NO ONE IN the Eagles organization ever actually used the word "project" to describe Curtis Marsh last year after they selected him in the third round of the draft. But that's pretty much what he was.

Converted from running back to cornerback after his sophomore season at Utah State, Marsh was very talented but also very raw. The Eagles loved his size (6-1, 197) and speed (4.46) and physicality, but knew he probably was going to need a year in the shop before he'd be ready to make a meaningful contribution.

The NFL's 4 1/2-month lockout, which robbed Marsh of a needed offseason of learning, sealed the deal.

"It seemed like the lockout was never going to end," said Marsh, whose 2-0 Eagles play their third preseason game Friday night at Cleveland. "I mean, I got drafted and everybody knew I was on the Eagles. But I was sitting around waiting for months and months for them to get a [labor] deal done. Then they finally get it done and I get a call that day telling me to get on a plane and report to training camp."

Any hope Marsh had of getting some meaningful playing time as a rookie was quickly dashed when the Eagles brought in Nnamdi Asomugha and Dominique Rodgers-Cromartie, creating a Grand Central Station look to the cornerback position.

For the first nine games of his rookie season, aside from a few more dollars in his paycheck, there really was no difference between Marsh and the members of the Eagles' practice squad. He practiced with the team during the week, then would be one of the seven game-day deactivations.

It wasn't until Week 11 that he finally got a chance to suit up on game day. Marsh ended up playing in the final seven games, but most of his action was limited to special teams. He played just 13 defensive snaps as a rookie.

Marsh is hopeful of getting considerably more work this season. He likely will open the season as either the No. 4 or No. 5 corner, depending on how the nickel-corner battle between veteran Joselio Hanson and rookie Brandon Boykin shakes out.

If camp and the preseason are any indication, Marsh will be the main backup on the outside to starters Asomugha and Rodgers-Cromartie. With Asomugha expected to frequently move inside against two-tight-end formations, that should present a lot of playing opportunities for Marsh, since a growing number of teams favor two-tight-end sets.

With the Eagles' starters expected to play no more than a quarter Friday night against the Browns, Marsh probably will be on the field a lot.

"I'm not sure how they're rotating yet," he said. "But the more time I'm out there playing, the better for me."

The Eagles must get better play from their secondary than they did last year when they gave up a disturbing 27 touchdown passes despite a pass rush that notched a league-best 50 sacks.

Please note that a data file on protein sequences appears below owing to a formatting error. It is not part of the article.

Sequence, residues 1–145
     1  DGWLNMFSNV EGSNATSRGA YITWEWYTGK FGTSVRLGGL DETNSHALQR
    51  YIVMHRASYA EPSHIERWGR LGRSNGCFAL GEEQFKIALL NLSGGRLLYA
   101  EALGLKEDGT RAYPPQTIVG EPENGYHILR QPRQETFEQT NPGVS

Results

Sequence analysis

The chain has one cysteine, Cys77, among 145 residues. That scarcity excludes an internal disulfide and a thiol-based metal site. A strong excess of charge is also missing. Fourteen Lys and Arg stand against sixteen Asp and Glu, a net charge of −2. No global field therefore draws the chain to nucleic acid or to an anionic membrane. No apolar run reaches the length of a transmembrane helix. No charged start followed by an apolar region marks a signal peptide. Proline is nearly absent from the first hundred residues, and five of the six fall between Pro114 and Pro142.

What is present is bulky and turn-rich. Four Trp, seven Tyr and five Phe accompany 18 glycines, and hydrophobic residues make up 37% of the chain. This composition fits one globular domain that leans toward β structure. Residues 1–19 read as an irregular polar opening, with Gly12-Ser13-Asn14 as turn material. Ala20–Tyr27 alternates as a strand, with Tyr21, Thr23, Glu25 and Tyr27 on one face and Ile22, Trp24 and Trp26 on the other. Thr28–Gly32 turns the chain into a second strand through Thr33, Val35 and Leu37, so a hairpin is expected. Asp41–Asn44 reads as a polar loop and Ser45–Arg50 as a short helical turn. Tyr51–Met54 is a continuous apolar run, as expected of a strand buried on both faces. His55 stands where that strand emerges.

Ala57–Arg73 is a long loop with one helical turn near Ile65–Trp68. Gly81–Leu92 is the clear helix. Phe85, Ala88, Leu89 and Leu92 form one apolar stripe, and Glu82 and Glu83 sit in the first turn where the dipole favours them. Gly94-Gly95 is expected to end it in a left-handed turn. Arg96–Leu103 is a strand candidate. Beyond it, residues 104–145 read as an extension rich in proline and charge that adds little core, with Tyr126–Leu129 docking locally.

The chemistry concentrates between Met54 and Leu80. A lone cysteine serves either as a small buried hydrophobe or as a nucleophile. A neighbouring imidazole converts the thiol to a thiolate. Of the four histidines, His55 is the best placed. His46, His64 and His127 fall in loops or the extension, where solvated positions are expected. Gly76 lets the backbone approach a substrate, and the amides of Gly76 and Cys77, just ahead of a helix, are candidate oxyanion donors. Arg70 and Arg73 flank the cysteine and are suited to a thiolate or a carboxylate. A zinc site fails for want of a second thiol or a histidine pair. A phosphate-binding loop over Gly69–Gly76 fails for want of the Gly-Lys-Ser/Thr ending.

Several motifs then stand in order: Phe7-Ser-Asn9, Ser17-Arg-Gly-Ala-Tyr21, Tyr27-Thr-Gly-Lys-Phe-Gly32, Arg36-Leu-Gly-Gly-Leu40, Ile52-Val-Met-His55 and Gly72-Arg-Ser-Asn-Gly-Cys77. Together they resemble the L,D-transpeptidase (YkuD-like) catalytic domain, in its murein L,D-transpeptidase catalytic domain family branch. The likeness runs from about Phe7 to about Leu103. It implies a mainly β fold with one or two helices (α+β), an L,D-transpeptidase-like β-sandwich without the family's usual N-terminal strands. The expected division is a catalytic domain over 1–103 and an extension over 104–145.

Asomugha, Rodgers-Cromartie and Marsh all are big, fast corners who are suited for the press coverage the Eagles want to play a lot this season.

"I'm a competitor," Marsh said. "I play hard every play. I focus every single play. When I'm out there, it's my goal to shut down a receiver. It should be every corner's goal when they line up. You want to line up one-on-one and take every route away."

The Eagles' biggest problem in the secondary last season was a lack of communication. The team had a new defensive coordinator, a new defensive scheme and a lot of new players, including Asomugha and Rodgers-Cromartie.

Too many times, players weren't where they were supposed to be or were a step late in getting there or were confused about their assignment. The result: a disturbing number of busted plays.

"The main thing we need to work on in the secondary is communication," Marsh said. "These next two preseason games are huge for us in that respect. We've got to get our communication down because teams motion and shift. Those are the things that throw you off as a defense. You've got to react quickly."

Last year, more often than not, the Eagles didn't react quickly enough to what they were looking at. The defensive backs often looked like the Keystone Kops before the snap. Now that they have been in Juan Castillo's system for a year, things should be better.

"We've had a year to grow and we're more together as a unit and we're also more comfortable with the defenses," Marsh said. "We're sitting here a year later in the same defense, and that's the biggest difference."

Marsh wasn't the only early-round Eagles pick to struggle last season.

Guard Danny Watkins, the first-round pick, spent the first four games on the bench before the light finally went on and he was put in the starting lineup. It wasn't until the last four or five games that he really started to play well.

The light never went on for second-round safety Jaiquawn Jarrett. Unlike Marsh, the Eagles drafted Jarrett with the hope that he'd be able make an immediate impact as a rookie. Didn't happen.

Marsh said he benefited immensely from the offseason camps and OTAs.

"It was big," he said. "It was my time to focus. Coming here to the facility and getting better, faster, stronger. Not only showing my teammates and coaches that I'm willing to work hard, but just to get better in general.

"I worked on my game every week and I feel like it's made a world of difference. I feel like I'm a better football player now than I was a year ago. And I feel it always has to be like that. Every year you have to continue to get better."

Castillo has been pleased with Marsh's progress from his rookie season to now.

"He's got confidence, he understands the scheme and is just more comfortable with everything," the Eagles' defensive chief said. "He just feels more comfortable with some of the adjustments we are making and some of the things we are doing, where last year, it was easiest for him when we were in man-to-man.

"Just understanding some of the other schemes, he feels more comfortable and [has a better] understanding of the defense."